Whether it’s on the radio, in schools or across rural counties, Transparency International Kenya is engaging citizens young and old in the fight against corruption. Here are some snapshots:
Anti-corruption lessons begin early in Kenya with our Integrity Clubs, which are run in primary and secondary schools. These clubs have resulted in students becoming more active citizens who help to promote good values in their communities.
We’re using colourful murals and graffiti to cover the walls of schools to put the spotlight on good governance in education. Poorly equipped schools as well as teacher and student absenteeism are some of the challenges. The artwork aims to inspire communities to actively improve the situation.
Our mobile anti-corruption legal advice clinics travel across the remote rural areas of the country and hold public forums to make villagers aware of corruption and its effects, as well as ways to fight it. In 12 months, we received 3,900 reports, a large number being land and public administration related complaints.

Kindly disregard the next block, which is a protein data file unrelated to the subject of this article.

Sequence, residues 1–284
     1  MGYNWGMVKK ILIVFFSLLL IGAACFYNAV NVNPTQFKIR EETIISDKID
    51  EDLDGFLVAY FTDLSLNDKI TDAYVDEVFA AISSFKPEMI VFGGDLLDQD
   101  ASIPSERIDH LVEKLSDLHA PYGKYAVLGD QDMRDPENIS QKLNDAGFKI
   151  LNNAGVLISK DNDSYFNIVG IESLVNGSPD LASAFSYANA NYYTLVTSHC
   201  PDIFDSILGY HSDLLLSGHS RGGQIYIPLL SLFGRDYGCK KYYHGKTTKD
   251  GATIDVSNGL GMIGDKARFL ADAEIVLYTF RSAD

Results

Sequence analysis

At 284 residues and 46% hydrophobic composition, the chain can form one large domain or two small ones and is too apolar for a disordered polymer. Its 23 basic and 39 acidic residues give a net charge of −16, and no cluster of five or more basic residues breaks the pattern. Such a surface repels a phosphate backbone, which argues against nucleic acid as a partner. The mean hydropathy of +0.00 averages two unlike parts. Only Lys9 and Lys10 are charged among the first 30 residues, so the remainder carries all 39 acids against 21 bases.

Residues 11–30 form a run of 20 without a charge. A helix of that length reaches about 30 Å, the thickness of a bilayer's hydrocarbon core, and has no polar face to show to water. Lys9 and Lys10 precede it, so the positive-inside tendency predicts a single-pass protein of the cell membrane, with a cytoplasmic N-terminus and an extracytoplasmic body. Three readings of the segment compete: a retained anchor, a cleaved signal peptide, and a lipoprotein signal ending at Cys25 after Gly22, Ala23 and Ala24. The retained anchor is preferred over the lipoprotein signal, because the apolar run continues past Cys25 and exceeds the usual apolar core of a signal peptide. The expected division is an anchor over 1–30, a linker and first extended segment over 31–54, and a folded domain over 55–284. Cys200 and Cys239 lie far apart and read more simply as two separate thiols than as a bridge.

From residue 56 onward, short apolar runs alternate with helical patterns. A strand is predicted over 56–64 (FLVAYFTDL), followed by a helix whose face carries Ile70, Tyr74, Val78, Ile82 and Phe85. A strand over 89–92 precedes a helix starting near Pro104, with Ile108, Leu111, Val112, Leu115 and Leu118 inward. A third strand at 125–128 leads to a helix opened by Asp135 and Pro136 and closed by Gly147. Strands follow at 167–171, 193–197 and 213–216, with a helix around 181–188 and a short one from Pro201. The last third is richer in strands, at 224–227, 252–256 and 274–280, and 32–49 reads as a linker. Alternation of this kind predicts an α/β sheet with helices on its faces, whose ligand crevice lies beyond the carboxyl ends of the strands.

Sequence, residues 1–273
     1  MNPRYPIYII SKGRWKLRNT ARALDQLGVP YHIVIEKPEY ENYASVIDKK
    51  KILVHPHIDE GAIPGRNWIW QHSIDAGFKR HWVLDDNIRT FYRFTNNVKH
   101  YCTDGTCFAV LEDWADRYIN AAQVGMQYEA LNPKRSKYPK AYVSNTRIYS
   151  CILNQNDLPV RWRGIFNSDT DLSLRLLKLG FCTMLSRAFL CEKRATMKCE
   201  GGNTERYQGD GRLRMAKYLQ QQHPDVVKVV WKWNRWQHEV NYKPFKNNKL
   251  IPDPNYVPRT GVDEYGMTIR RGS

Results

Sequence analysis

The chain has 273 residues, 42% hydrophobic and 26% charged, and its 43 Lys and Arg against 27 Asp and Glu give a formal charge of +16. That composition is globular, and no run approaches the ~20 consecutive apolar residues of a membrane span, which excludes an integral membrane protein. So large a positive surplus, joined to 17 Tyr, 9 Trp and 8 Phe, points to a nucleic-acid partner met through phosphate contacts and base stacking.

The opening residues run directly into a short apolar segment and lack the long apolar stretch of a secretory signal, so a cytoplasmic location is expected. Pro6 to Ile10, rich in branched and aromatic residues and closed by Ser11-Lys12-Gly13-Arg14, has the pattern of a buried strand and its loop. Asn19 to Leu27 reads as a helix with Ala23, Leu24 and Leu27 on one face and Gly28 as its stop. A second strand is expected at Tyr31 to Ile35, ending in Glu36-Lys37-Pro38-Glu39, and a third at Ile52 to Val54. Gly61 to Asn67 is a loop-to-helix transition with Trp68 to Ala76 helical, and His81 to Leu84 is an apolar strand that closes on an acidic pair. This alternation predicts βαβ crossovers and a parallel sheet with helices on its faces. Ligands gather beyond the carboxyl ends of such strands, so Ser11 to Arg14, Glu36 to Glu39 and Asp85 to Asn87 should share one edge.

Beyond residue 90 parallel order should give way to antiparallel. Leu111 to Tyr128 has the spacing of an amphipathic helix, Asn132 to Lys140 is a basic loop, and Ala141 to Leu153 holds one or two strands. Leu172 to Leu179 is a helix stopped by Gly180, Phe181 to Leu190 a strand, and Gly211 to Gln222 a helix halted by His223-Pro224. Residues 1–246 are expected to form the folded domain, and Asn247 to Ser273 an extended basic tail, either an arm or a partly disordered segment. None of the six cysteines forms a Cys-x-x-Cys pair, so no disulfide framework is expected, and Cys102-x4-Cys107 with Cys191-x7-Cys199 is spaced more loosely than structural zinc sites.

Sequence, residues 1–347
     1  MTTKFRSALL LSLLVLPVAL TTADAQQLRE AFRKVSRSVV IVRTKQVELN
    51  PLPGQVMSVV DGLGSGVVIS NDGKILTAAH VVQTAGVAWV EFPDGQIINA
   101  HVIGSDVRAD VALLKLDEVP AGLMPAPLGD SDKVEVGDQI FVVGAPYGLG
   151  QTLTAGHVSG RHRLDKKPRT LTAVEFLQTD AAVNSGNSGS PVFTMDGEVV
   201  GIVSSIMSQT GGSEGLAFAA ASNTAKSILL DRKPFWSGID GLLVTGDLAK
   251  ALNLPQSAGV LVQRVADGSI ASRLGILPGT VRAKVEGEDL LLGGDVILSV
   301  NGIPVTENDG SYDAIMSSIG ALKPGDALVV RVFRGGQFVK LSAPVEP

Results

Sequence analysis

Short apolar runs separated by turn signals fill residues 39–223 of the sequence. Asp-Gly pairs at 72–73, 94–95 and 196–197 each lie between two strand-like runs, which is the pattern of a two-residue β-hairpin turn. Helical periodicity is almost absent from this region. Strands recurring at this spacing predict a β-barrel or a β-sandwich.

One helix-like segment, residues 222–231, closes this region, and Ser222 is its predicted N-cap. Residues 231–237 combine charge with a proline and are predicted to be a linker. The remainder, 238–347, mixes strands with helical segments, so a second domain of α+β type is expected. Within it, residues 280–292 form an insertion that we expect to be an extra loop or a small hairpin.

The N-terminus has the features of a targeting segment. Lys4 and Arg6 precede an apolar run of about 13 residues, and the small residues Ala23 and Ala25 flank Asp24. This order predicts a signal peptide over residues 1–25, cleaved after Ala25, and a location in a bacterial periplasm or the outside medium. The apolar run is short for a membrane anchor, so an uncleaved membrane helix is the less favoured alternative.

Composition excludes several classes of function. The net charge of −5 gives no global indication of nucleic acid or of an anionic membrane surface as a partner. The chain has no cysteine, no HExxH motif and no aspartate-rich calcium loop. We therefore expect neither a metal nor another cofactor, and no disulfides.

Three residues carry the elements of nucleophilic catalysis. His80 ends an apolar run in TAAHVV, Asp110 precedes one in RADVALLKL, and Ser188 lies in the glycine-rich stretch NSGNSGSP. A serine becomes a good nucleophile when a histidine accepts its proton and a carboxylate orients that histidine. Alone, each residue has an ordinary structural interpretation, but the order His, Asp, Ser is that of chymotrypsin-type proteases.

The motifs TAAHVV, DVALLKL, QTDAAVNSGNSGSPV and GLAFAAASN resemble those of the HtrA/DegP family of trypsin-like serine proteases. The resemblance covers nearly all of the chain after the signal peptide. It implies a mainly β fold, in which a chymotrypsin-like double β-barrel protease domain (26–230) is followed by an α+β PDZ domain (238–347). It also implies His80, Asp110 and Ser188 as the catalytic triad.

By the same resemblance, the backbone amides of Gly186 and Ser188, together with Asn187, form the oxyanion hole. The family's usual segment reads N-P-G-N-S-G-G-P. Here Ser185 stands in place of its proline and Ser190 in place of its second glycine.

To ensure effective humanitarian aid, we run a service that helps the public report complaints or concerns about aid and service delivery. People can submit complaints online, through a toll-free SMS number or by visiting their nearest office. The initiative brings together numerous aid and service delivery institutions, including the County Government of Turkana, the Kenya National Commission on Human Rights, OXFAM and World Vision Kenya.
Transparency International Kenya's Executive Director Samuel Kimeu talking about corruption on the radio. Ninety per cent of Kenyans receive their news and information from radio making it a key way to engage people and raise awareness of their rights. We’ve reached an estimated 25 million people with our radio shows that cover a wide range of corruption related topics.
Find out more about our work in Kenya.
You might also like...
Sub-Saharan Africa is the lowest performing region on the CPI, underscoring a need for urgent action.
Around the world, our chapters are using innovative tech tools to help citizens challenge corruption.
Is enough being done to engage women in anti-corruption work? What can be done to help women fight corruption?